So I’m going to go to WooCommerce Settings, go to Emails, scroll down to the bottom and you’ll see a section where you can set your from name for this application. In this case, I’ll send all transactional emails from WooCommerce from orders at Profitable Tools. Now you should be aware that WordPress is going to send other emails for things like account creation or password resets. Those are typically going to come from your administration email address. So you could actually have three different emails that are sending.

Now I’ll show you to handle this in a little bit. All right, let’s get fluent SMTP configured. Remember, I’m going to use Amazon Ses for my marketing emails. Let’s set that up. First.

My from email was dave at profitable tools. And notice this box right here where it says Force from Email. When I have this checked, it’s going to force all transactional emails to go through this account. Now, since I only want Fluent CRM to use this, I’m going to turn this off in this case. Next, I need to get my access keys from Amazon Ses.

WP Manage Ninja has provided some great help docs on exactly how to do this. But I’ll show you quickly because it’s really not that bad. To get started, you’re going to need an Amazon AWS account. Setting it up is just like any other account. Don’t be intimidated because you’ve heard that AWS is hard to deal with.

It is. But what we’re doing here is very simple. Once you’re logged in, click in the search bar and type in Ses. Choose Amazon simple email service. Then you’re going to need to authenticate your domain.

So click on Domains, choose Verify a New Domain, and then type in your domain here. Make sure you check. Generate DKM settings. Next, you’ll need to add some records to your domain’s DNS server. You should know how to do this.

It’s probably where you purchased your domain name over at GoDaddy or Namecheap, something like that. You’ll just copy and paste all of these fields into their appropriate categories on your DNS server. Watch out for the DKIM settings because there’s actually three records here, but one is hidden by this little scroll bar. Once you’re done, wait a few minutes and you should see that your domain is verified for sending. So it’s very important that your domain has been verified before you take this next step.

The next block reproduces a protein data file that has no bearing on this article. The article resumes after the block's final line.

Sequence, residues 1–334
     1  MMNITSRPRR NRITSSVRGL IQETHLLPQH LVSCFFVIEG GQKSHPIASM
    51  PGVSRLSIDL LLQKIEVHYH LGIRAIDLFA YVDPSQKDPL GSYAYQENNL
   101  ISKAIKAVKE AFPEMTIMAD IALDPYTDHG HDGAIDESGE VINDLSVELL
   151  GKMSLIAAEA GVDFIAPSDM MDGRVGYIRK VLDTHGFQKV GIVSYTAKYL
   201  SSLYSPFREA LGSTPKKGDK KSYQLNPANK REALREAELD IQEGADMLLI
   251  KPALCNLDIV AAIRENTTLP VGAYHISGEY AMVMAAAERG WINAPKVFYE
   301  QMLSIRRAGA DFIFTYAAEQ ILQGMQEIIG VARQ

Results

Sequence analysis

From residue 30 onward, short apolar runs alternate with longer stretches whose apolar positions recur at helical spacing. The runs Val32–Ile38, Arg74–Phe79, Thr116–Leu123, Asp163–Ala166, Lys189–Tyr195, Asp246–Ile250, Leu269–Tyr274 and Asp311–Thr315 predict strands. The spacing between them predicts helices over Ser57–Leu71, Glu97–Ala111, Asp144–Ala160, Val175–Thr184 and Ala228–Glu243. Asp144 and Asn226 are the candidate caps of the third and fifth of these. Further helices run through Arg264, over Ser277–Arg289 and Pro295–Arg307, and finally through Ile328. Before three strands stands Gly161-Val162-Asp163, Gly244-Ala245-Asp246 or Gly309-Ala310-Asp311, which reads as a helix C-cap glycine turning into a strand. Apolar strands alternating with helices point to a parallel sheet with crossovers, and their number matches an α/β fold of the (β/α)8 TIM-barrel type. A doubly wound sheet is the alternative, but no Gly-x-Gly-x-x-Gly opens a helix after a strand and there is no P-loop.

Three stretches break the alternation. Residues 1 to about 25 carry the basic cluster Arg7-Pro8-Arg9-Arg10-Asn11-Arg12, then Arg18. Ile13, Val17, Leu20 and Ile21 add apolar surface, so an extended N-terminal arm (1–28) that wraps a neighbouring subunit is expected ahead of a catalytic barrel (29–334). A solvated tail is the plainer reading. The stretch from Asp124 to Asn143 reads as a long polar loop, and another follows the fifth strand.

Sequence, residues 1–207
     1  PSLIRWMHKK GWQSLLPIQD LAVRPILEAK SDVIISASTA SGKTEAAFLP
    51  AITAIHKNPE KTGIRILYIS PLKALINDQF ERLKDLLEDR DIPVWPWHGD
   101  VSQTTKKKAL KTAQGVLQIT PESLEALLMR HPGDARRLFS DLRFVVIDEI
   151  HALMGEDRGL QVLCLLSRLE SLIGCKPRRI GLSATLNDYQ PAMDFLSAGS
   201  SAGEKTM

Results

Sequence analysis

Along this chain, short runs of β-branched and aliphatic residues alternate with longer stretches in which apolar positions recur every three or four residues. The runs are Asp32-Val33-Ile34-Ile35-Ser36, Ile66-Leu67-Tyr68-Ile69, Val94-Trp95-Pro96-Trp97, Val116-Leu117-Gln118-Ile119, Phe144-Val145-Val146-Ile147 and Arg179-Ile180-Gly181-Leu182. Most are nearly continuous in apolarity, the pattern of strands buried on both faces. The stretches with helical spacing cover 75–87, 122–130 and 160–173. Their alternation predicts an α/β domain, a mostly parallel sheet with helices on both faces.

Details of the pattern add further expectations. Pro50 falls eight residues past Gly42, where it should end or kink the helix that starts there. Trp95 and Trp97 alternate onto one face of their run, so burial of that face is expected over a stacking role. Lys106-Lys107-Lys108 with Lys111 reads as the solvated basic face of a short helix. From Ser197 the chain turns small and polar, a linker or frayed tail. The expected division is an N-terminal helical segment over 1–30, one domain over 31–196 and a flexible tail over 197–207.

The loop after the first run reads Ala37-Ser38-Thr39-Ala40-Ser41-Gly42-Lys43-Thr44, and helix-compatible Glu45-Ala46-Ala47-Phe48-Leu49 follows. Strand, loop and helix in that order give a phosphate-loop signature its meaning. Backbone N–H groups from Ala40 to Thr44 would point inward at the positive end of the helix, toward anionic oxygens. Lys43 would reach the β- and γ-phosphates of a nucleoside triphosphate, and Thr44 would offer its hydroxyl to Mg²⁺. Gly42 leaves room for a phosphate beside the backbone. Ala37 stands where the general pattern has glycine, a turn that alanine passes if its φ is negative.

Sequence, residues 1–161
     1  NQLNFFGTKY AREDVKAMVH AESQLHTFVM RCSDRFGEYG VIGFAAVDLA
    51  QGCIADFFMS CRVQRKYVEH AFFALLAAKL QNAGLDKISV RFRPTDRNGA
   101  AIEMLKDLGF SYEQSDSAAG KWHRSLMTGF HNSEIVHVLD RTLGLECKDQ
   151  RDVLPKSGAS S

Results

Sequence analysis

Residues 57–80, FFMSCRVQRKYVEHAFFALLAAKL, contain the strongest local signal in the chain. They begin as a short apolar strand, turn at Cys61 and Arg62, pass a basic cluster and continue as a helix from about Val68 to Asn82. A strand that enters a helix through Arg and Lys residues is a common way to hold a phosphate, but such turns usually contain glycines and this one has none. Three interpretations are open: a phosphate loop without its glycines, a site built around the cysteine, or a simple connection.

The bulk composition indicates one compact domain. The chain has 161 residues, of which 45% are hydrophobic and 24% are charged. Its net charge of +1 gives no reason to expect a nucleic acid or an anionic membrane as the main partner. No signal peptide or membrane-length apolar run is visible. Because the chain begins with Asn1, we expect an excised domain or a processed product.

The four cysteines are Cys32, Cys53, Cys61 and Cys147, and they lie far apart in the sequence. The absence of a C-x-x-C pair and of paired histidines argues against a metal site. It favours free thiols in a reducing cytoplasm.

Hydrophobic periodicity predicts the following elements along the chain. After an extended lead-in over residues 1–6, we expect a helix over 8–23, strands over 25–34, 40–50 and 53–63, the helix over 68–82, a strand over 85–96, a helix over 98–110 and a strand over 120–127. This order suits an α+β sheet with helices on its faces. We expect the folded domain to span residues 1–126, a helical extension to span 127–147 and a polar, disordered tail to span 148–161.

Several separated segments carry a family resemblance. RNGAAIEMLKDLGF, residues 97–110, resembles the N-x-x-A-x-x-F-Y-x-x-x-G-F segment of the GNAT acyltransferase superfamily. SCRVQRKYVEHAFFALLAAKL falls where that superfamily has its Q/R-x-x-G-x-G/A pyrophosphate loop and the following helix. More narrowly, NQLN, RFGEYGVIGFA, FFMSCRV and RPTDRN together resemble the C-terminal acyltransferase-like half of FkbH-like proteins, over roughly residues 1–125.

But assuming that it has, you should see a screen that looks something like this. It might not look exactly like this, but it’ll be close. You need to click on this box and then you can request to be removed out of what is known as sandbox mode. Sandbox mode is where Amazon prevents you from emailing anyone other than yourself or anyone who doesn’t have the same domain name as yourself. So essentially your coworkers.

This is to prevent people from signing up from Amazon Ses and then immediately sending out 1 million spam messages. So once your domain is verified, request a sending limit increase that will move you out of sandbox mode. This can be tricky, so make sure you’re very specific when you’re answering all of the questions that Amazon asks you. It can also take a day or two, so be patient. Don’t try to set this up right before a major marketing campaign and you are stressed out because you just need to send emails.